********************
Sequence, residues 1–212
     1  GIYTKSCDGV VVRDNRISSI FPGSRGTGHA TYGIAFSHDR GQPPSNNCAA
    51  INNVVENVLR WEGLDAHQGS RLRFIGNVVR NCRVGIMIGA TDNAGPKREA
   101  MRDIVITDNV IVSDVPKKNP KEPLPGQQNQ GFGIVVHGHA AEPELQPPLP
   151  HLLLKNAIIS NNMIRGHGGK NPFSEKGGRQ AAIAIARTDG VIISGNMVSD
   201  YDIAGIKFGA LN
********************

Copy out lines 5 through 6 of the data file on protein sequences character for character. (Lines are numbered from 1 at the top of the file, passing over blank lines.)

   151  HLLLKNAIIS NNMIRGHGGK NPFSEKGGRQ AAIAIARTDG VIISGNMVSD
   201  YDIAGIKFGA LN